It feels to have been some time since we have had a film like The Invitation on the big screen, but after more than doubling its budget at the box office (to the surprise of many), maybe we will get more. It is perhaps giving the game away to say the film was inspired by Bram Stoker’s legendary text Dracula but the marketing has made little effort to hide its toothy reveal. Plus, early on, you know exactly where the film is going, in what is a Ready or Not style genre-spliced take on the well known vampiric character/backstory.
The film sees aspiring artist Evelyn (an excellent and charismatic Nathalie Emmanuel) working to make ends meet as a freelance caterer, serving rich dismissive douchebags. Having lost both her parents, she takes a DNA test, curious to see if there is anyone out there she can call family, to her surprise she gets a response from a wealthy family in England. Meeting up with her distant posh cousin Oliver Alexander, she takes his invitation to attend a wedding at a mansion home in Whitby overseen by the attractive Lord Walter De Ville (Thomas Doherty). Everything seems grand (in more ways than one) but a great, and historic darkness lies in this home and it wants something, or rather, someone.
Needless to say you have probably put two and two together by now, and if you haven’t, you will early into Jessica M. Thompson’s very well dressed film. Aesthetically enchanting, with a sense of Gothic and a Hammer-like vibe, this film has plenty of atmosphere at its disposal. While its slow burning blend of romance and horror largely offers an engaging experience.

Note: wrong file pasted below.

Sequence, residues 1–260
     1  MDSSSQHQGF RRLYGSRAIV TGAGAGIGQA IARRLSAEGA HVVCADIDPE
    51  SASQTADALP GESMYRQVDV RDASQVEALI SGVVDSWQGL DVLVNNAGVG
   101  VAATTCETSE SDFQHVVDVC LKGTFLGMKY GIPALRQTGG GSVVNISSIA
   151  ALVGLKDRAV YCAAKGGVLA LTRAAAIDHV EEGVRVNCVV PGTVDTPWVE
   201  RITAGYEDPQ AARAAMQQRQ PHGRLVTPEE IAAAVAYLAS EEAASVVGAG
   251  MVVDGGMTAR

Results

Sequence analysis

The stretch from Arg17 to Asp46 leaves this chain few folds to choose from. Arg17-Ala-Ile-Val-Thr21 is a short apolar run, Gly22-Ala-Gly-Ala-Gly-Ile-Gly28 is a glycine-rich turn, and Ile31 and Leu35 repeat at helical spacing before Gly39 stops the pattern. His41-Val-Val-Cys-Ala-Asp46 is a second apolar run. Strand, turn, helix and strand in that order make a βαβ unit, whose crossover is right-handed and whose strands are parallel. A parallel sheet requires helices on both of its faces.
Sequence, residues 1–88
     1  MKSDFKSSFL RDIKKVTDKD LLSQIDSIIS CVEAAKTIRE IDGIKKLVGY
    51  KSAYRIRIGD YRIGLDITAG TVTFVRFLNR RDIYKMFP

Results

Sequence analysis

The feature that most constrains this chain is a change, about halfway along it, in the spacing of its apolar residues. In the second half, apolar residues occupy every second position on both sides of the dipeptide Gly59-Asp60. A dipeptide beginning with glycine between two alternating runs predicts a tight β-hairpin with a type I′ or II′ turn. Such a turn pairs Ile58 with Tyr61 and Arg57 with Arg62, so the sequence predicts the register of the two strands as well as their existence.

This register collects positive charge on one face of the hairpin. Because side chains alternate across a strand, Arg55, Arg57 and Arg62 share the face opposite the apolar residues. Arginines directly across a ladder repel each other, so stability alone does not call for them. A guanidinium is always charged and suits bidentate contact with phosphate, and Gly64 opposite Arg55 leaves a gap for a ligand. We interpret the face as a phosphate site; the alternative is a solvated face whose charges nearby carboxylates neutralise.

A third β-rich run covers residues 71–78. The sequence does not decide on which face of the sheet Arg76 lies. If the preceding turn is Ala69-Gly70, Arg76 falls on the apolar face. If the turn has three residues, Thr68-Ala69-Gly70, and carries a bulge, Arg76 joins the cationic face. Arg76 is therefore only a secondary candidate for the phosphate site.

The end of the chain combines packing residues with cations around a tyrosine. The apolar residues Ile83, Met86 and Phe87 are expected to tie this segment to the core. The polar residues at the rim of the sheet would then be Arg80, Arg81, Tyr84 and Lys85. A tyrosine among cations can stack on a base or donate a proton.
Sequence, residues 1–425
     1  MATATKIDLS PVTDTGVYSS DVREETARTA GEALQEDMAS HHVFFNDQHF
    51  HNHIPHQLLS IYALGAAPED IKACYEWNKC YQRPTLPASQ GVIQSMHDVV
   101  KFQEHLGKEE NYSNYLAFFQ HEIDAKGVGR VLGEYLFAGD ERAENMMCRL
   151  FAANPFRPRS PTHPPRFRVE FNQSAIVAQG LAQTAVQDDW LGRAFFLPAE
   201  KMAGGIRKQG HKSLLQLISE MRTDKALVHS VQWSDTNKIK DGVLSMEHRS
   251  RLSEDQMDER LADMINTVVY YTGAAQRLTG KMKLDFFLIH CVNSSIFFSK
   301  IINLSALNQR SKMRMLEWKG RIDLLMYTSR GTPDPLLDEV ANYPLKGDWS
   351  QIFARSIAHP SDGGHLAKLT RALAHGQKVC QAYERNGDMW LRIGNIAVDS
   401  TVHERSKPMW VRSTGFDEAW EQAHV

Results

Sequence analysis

Sure, you know precisely what is going on and yes, the film perhaps takes on far too much all at once, as it combines horror thrills, with a sweeping (or not) love story, a stab at social commentary on class/racial division (that’s all done in rather broad strokes) and that aggrandised climax, and odd sequel baiting ending, but it’s all decent fun really isn’t it? Nothing to re-invent the wheel certainly, and not always subtle but still effectively entertaining and with some nice little references for fans of the lingering source material.
Led by a fantastic lead performance by Emmanuel and a strong supporting turn by Doherty, as well as the likes of Sean Pertwee, Stephanie Corneliussen and Carol Ann Crawford, The Invitation works. It is really, in spite of some modernised interjections, quite an old fashioned fanged tale, that makes for a visually seductive viewing, if not always a full-blooded scare-fest…though that bit with the fingernail at the spa. Bleugh Bleugh Bleugh!